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How Women-Funded Businesses Create Growth In Housing, Sustainability, And Employment

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Apr. 5 2021, Published 3:55 a.m. ET

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Vicki Saunders is an example of just such a systemic, thoughtful problem solver. She rethought everything, from who the funders are to how they fund women entrepreneurs. And she came up with SheEO and #radicalgenerosity. “SheEO is a global community of racially generous women who gift their capital into a fund,” she said. “Companies are focused on the world’s to-do list.” The list focuses on the UN’s 17 Sustainable Development Goals (SDGs) to end poverty, improve health and education, reduce inequality, spur economic growth, and address climate change.

Saunders rethought:

  • Who funders are—they are women who donate money to women entrepreneurs in their country. SheEO first launched in Canada, followed by the US, New Zealand, Australia, and, soon, the UK.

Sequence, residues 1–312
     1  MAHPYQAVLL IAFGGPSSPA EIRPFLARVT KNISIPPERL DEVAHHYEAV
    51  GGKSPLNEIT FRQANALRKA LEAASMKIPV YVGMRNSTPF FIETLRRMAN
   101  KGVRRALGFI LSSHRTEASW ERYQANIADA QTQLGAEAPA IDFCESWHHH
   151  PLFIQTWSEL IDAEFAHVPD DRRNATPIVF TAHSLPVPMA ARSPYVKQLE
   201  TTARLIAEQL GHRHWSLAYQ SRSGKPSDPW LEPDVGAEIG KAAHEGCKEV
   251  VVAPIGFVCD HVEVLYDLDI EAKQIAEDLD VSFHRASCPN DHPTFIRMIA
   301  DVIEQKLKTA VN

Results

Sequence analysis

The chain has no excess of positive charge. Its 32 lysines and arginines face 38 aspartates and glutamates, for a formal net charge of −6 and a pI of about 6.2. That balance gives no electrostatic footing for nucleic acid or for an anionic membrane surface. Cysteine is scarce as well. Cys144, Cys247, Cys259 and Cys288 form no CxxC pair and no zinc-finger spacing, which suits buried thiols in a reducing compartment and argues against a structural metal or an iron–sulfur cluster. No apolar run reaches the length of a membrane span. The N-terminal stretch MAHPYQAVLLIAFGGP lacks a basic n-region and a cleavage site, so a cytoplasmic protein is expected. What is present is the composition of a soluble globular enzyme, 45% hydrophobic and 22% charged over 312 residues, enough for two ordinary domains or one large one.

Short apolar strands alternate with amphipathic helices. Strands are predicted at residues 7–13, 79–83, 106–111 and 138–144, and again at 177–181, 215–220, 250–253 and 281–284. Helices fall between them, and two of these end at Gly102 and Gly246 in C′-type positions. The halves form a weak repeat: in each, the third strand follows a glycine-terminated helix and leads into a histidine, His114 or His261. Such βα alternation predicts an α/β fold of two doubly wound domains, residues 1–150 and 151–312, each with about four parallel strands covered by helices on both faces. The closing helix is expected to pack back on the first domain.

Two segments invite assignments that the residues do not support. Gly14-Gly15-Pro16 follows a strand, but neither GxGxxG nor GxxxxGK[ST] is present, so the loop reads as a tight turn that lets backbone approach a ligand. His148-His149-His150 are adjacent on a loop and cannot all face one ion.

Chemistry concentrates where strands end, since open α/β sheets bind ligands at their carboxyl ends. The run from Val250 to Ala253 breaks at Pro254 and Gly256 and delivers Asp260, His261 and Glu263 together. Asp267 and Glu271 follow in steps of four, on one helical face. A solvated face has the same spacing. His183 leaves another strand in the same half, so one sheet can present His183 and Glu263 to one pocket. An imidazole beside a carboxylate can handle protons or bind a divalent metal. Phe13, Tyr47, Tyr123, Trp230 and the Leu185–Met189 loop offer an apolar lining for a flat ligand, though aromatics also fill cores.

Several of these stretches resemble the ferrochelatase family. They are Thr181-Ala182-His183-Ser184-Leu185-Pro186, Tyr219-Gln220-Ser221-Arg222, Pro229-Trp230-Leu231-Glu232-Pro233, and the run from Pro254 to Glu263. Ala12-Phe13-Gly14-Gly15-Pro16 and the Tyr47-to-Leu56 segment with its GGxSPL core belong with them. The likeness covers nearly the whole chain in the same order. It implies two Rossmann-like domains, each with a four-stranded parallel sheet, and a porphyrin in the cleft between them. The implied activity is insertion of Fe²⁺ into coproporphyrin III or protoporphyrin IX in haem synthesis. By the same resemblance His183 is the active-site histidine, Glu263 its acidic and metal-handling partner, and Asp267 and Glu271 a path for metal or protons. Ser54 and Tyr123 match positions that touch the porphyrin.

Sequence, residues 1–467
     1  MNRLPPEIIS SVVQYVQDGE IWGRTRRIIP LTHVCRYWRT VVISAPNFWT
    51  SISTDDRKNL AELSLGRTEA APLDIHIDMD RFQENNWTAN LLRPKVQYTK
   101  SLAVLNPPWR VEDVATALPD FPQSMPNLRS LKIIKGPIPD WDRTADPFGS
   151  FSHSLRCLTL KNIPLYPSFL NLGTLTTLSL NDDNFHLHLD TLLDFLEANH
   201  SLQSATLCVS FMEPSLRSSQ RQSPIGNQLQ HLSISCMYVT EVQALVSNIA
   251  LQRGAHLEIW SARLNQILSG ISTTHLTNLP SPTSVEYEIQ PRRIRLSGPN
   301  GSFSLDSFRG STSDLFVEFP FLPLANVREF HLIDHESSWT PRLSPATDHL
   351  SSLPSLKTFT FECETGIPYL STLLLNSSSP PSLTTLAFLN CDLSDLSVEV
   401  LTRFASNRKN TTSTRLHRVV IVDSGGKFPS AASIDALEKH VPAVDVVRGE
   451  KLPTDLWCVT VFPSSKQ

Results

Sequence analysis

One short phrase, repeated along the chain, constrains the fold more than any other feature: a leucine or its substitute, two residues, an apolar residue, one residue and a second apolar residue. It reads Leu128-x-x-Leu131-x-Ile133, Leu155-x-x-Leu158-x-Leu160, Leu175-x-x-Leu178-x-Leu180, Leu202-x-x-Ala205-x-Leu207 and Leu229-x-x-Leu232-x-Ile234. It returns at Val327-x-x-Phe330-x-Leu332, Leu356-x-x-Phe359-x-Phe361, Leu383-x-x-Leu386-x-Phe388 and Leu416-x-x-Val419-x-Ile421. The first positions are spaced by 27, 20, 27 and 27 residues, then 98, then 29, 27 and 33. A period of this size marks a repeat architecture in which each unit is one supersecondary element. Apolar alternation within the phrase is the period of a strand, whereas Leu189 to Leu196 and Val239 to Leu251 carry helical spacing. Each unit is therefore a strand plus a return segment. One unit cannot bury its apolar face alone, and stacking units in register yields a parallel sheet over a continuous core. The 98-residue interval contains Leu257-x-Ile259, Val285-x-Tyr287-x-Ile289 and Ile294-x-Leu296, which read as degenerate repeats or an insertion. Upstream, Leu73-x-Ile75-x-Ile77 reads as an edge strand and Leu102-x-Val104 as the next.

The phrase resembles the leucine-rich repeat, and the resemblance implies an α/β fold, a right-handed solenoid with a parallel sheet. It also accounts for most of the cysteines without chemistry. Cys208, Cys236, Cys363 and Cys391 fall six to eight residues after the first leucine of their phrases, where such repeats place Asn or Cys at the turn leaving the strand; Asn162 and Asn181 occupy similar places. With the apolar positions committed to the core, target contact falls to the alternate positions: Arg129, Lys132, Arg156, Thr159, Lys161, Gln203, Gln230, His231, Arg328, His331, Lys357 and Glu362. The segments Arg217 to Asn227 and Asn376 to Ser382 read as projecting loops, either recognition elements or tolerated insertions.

• How the funding decision is made—women entrepreneurs complete a simple application and do a short video. “Women funders vote on the ones they are most excited about,” said Saunders. The five top scorers split a $500,000 pool of money. The winners decide how much each gets. No one can get all the money, and the money can’t be divided evenly.
  • Deal terms—women pay no interest. The money is paid back quarterly over five years. If a company hits hard times, like some are during the Covid-19 crisis, the founder can delay payments.
  • Expertise and connections are shared—it’s not just money that women entrepreneurs get. They get advice, mentorship, and are connected to follow-on funders, customers, and other resources and support. “We have many ventures, in the US in particular, that are raising funding [from angel investors and venture capitalists],” said Saunders.
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Testimonials from two previous Black SheEO Ventures—Kai Frazier, founder and CEO at Kai XR and Wakumi Douglas, Co-founder and Executive Director SOUL Sisters Leadership Collective—spread like wildfire, motivating many extraordinary Black women entrepreneurs to apply. Nearly a quarter—24%—of applications were Black women. That’s close to double their representation of adult women in the US (14%). The US SheEO class of 2021 is entirely composed of Black women. They come from cities outside the venture capital hubs—Atlanta, Chicago, Durham, and Tampa.